Schoonbee Landgoed does not only produce export quality citrus fruit and table grapes but recently embarked on a new venture: Beekeeping and honey production.

Citrus Macadamia Honey

What is better than drizzling a golden droplet of honey in your tea? Or replacing all those sugary calories in your cooking and baking expeditions with the healthier option produced by nature? Honey, known for its powerful antioxidants and nutrients, is one of the oldest natural sweeteners available to mankind.

Did you know that honey also has healing properties? Topical honey treatment has been used to heal wounds and burns since ancient Egypt. The practise is still common today. Honey is also mentioned in ancient Biblical texts and since that time, its popularity has never faded.

Why honeybees on a citrus farm?

Schoonbee Landgoed’s core focus is growing citrus fruit and grapes, so why diversify into honey production? Everything in nature has been created to function in perfect harmony and balance. For the team at Schoonbee Landgoed, it is not only about growing the best quality fresh produce, but also ensuring we protect our environment.

Adopting sustainable farming methods is one of our top priorities at Schoonbee Landgoed. Therefore, we have implemented initiatives such as developing a solar farm to reduce our carbon footprint and using netting on our orchards and vineyards to save up to 30% of our precious water.

It was this mindset that birthed the idea of nurturing a resident bee colony on Schoonbee Landgoed as bees are key to the sustainability of our planet. Success will be an indicator of our respect for the environment.

At this point, it is interesting to note that citrus trees do not rely on bees to produce fruit. In fact, certain citrus varieties get seeds inside the fruit if bees move between the cultivars which are not ideal for our consumers. 

Citrus honey – a rare delicacy

It seemed obvious to exclusively produce citrus honey since we have vast citrus orchards on the Schoonbee Landgoed farm. However, soon after starting our resident bees project, we realised that the abundance of citrus blossoms from August to October every year does not make up for the need for an alternative food source for the rest of the year. Therefore, we started actively planting more aloes in the field to supplement sources of food in the winter months from May until July. 

bee citrus blossom
A honeybee collecting pollen from a citrus blossom. Image: Pixabay.

The exclusivity of citrus honey comes from the fact that citrus flowers’ lifespan is so short and most beekeepers do not want to expose their bees to citrus anymore due to the risk of lethal chemical sprays. The amount of citrus honey produced per year is limited making citrus honey rare but extremely popular. This almost transparent honey has a unique taste without the aroma of the field and flowers that usually accompany other types of honey.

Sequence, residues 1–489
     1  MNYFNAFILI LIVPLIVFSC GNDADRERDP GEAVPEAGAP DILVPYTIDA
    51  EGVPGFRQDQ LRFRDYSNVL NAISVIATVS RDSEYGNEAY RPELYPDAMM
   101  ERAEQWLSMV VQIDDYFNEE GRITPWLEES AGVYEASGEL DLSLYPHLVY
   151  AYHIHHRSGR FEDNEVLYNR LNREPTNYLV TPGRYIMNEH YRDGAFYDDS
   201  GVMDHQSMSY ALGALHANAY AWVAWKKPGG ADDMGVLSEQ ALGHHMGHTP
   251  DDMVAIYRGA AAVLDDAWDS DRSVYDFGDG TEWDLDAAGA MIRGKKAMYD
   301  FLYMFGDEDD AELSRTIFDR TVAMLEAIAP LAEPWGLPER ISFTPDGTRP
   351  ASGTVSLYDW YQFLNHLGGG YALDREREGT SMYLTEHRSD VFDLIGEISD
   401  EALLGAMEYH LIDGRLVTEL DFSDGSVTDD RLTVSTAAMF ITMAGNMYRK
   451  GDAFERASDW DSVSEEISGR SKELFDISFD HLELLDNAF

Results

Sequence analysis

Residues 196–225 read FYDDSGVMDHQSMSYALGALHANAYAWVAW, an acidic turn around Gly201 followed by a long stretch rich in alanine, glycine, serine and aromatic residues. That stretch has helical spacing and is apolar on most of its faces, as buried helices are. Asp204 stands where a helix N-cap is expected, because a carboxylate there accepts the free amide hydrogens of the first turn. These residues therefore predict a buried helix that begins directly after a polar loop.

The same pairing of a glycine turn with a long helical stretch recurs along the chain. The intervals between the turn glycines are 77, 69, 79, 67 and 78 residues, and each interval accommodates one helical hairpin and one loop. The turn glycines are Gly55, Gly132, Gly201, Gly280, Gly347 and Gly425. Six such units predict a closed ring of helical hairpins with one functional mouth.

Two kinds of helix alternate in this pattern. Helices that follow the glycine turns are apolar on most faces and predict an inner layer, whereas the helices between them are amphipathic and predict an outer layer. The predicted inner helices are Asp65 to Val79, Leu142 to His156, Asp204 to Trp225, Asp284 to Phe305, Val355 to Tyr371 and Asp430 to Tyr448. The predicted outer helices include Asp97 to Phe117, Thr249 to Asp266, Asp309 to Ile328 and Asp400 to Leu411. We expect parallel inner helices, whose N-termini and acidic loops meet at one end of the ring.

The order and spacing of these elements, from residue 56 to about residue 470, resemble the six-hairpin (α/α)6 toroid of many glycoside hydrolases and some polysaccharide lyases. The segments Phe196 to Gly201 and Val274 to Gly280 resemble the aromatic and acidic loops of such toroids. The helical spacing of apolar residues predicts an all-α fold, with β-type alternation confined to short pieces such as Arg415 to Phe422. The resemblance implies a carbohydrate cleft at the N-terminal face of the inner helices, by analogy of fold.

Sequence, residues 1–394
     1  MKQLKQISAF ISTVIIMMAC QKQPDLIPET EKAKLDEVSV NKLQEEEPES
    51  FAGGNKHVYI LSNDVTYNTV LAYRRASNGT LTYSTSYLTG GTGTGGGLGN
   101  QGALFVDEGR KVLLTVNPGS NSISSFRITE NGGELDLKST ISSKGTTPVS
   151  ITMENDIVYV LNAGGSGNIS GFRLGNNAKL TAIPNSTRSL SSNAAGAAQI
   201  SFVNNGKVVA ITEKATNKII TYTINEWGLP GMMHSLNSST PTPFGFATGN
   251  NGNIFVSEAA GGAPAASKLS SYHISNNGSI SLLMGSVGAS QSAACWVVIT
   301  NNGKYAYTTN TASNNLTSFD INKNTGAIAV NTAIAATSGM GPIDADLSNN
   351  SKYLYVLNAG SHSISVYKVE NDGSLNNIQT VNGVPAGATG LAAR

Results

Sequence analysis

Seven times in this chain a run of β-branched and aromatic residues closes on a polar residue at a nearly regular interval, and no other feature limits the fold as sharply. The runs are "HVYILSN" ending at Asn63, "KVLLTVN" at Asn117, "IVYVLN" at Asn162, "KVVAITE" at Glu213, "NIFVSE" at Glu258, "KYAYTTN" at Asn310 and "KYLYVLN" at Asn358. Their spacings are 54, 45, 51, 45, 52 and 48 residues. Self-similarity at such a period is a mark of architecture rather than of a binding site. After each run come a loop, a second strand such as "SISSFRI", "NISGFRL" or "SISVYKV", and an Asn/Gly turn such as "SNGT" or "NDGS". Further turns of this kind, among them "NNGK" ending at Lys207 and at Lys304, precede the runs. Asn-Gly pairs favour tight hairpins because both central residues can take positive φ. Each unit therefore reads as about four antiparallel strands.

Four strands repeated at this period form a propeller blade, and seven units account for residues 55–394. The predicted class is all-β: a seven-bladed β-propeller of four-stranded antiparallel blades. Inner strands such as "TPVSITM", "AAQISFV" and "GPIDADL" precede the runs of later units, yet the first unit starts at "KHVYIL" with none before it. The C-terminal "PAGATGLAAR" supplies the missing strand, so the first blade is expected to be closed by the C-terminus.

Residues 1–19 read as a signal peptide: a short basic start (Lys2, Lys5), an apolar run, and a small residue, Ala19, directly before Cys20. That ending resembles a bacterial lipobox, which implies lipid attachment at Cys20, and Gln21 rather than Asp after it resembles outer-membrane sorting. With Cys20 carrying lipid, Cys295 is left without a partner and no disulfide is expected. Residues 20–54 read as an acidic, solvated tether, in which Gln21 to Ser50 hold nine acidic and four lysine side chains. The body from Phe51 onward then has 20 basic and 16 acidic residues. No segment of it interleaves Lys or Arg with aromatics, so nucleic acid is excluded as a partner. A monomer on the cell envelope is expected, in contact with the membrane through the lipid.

If you have never tried citrus honey, you will be excited to know that we plan to have this scarce delicacy available in our online store from 2023. For now, our limited citrus honey stock is reserved for very special prizes only! 

Macadamia honey – a rich alternative 

To combat the limited amount of citrus honey being produced annually, we have extended our honey adventures to include Macadamia honey from a beekeeper in the Loskop Valley. This type of honey is produced by bees living near macadamia nut tree orchards so that the bees can pollinate the white flowers of the macadamia nut trees. So, if you are a fan of nuts, macadamia honey’s slightly nutty flavour is definitely for you.

Macadamia blossoms bee
A honeybee approaching a macadamia blossom. Image credit: Michael Cawdrey (MikeC4503 from Flickr)

As soon as the honeybees collect the macadamia blossom nectar, it is mixed with an enzyme known as invertase in the bees’ mouths. Back at the hive, the bees will share the collected nectar between themselves and thereby mixing the nectar even more with the bee enzyme.

Thereafter, the bees will deposit the honey into the characteristic beeswax cells and beat their wings just above the wax cells to reduce the water content in the honey until the honey is just the right consistency.

Dirk Uys, the beekeeper at Schoonbee Landgoed. Image credit: Schoonbee Landgoed

The inclusion of macadamia honey at Schoonbee Landgoed ensures that we have honey available for the larger part of the year. So, why not hop over to our online store to order some of our macadamia honey? And watch this space for our citrus honey becoming available in 2023. Order here: